Ex-Im first

Pemex has also turned to the US market for additional funding diversity, as well as rock-bottom costs. The $1.2 billion it issued under a program guaranteed by the US Export-Import Bank was the first time a LatAm issuer had issued such a bond for purposes outside of aviation funding.

The first transaction in June was increased to $400 million from an expected $250 million and oversubscribed more than two times, with asset managers and insurance companies leading the demand. The issuer got a 2.0% coupon and yield for the 2022. Its previous 10-year dollar bond had come at 4.98% in January.

The strong reception moved the state-owned oil company issue to again two days later, raising another $400 million. The second deal tightened the cost to 1.95%

In the first June deal, 45% of the investors were new to Ex-Im bonds, with the rest repeat accounts. The next series saw 77% overlap with accounts invested in the first series. Most of the demand came from asset managers, banks and insurance companies. Crédit Agricole, Goldman Sachs and JPMorgan managed the two sales.

"Pemex was the first of its kind," says Jia Shan, vice president of EM DCM at Goldman Sachs. Shan says the series of deals saved Pemex money, versus taking out a direct loan from the Ex-Im Bank.

Pemex finished off the $1.2 billion program with another $400 million sale in July. The deal got a 1.70% coupon and counted on about 84% of the June buyers. Proceeds were earmarked for payments for US goods and services imports Pemex and its subsidiaries buy from US suppliers.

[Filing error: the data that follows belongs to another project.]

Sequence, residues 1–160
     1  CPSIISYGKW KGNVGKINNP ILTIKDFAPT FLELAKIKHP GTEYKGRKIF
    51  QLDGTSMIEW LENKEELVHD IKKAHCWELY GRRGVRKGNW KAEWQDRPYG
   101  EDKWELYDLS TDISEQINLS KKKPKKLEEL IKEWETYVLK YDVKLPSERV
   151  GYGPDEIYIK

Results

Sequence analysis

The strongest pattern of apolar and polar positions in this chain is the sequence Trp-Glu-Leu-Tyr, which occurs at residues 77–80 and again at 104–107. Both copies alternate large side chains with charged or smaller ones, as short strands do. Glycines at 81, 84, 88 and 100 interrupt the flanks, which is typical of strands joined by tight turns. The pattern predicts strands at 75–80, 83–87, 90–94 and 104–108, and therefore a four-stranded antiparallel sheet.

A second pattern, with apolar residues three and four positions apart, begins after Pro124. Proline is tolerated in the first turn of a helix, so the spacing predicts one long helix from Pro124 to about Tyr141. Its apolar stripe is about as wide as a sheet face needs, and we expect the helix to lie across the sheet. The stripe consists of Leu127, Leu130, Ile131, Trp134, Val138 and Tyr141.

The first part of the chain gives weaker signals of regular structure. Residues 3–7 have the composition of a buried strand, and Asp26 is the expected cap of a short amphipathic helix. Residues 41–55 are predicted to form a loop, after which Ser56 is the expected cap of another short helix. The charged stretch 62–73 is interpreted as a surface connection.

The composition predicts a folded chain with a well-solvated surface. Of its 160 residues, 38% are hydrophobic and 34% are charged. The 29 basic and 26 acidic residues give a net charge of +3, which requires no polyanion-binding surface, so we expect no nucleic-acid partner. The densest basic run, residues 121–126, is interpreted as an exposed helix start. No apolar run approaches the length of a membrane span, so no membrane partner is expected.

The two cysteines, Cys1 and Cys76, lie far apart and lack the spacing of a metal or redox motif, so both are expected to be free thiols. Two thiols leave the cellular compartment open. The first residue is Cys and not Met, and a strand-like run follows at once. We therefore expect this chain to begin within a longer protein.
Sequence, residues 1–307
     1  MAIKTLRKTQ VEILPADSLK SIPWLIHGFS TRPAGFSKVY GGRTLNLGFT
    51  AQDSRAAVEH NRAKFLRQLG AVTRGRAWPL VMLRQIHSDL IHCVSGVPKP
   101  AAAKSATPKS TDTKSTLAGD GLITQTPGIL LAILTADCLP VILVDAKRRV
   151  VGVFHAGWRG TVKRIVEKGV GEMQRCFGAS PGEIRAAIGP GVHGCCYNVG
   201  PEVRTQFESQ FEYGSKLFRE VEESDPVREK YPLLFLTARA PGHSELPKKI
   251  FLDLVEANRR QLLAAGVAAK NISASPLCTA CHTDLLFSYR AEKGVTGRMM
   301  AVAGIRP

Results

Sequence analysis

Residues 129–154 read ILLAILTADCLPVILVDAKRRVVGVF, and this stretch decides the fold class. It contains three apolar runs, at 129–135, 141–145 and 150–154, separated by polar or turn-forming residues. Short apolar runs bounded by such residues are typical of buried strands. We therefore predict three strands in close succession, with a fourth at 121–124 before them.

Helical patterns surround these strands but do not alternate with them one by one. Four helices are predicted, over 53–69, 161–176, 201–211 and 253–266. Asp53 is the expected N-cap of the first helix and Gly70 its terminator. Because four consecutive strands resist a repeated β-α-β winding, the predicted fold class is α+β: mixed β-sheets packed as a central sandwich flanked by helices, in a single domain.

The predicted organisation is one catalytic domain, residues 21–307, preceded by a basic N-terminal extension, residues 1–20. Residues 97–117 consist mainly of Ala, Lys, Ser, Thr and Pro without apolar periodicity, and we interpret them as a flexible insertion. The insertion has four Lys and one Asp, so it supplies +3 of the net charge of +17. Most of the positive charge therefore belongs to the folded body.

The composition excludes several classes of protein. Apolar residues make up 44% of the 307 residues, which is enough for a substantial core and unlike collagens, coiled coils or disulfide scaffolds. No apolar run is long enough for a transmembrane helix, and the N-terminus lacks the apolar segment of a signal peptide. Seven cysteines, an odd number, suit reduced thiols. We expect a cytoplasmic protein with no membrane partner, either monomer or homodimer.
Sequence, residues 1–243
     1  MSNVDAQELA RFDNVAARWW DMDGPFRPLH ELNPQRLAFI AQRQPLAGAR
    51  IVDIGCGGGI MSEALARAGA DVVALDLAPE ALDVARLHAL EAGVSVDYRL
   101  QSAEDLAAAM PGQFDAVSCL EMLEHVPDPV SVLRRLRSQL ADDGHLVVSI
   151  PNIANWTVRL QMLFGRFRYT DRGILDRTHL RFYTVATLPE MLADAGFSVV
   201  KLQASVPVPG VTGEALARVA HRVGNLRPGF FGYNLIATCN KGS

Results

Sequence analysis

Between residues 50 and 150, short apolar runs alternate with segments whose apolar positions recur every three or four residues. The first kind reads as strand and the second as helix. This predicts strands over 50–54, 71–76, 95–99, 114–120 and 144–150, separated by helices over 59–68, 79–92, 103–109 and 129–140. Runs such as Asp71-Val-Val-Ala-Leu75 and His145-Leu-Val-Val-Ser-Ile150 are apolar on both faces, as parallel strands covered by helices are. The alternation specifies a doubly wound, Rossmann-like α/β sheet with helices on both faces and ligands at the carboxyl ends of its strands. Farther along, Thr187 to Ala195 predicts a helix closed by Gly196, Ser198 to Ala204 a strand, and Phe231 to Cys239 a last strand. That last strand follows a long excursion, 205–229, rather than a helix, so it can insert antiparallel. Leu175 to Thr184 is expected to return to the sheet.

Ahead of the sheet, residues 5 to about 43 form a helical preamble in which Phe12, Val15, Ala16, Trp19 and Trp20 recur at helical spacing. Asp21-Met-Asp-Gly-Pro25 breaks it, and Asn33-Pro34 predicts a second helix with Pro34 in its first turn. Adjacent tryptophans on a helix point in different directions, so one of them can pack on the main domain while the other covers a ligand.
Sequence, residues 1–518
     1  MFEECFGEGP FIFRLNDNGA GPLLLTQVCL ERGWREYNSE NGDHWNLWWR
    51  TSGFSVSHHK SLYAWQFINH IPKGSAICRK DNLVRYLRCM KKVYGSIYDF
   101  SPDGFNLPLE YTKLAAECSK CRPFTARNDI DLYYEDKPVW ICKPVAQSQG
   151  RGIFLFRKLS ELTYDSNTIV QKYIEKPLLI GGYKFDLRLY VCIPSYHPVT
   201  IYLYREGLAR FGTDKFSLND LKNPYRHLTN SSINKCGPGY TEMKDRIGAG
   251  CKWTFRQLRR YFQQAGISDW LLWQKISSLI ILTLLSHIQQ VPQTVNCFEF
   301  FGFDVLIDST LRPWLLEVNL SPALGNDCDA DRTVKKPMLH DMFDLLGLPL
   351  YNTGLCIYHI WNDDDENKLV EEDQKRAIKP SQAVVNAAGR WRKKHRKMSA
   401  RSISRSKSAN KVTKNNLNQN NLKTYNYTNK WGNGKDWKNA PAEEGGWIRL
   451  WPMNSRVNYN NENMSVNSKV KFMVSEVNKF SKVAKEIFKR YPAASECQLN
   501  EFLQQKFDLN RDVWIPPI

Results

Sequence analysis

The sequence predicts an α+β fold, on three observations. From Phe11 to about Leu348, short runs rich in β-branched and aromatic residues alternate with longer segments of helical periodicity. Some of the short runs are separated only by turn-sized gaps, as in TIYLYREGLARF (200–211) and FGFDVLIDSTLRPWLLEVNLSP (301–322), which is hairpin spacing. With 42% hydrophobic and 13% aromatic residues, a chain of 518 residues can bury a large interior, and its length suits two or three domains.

Pemex had raised $6.03 billion through December of last year. It capped off its borrowing by raising 25 billion pesos ($1.92 billion) in Mexico’s domestic bond market, in a three-tranche offering that was the issuer’s, and possibly the country’s, largest-ever domestic sale.

A 11.5 billion peso 2017 floating-rate bond priced at TIIE plus 18 basis points and drew 1.5 times demand. A 10 billion peso reopening of the 7.65%-coupon 2021 fixed-rate bonds came at a 6.52% yield, and attracting 1.5 times demand. The retap doubles the outstanding size of the bonds sold in the GDN offering. The issuer elected not to offer the bonds to international buyers this time. Finally, it issued a 3.5 billion peso 2028 UDI-denominated tranche paid 3.02%. Banamex, BBVA Bancomer, HSBC and Santander managed.

Pemex has set a target of borrowing $9.8 billion for 2013, though that remained to be approved as of mid-December. If approved at this level, the state-owned oil company plans to borrow about $4 billion internationally, mainly through the US dollar market, though it will also watch euros, Swiss francs and other currencies for opportunistic taps. A retap of the 2044s and returns to GDNs or Ex-Im funding are likely. On the domestic side, between $2.5 billion and $3.5 billion-equivalent is likely. LF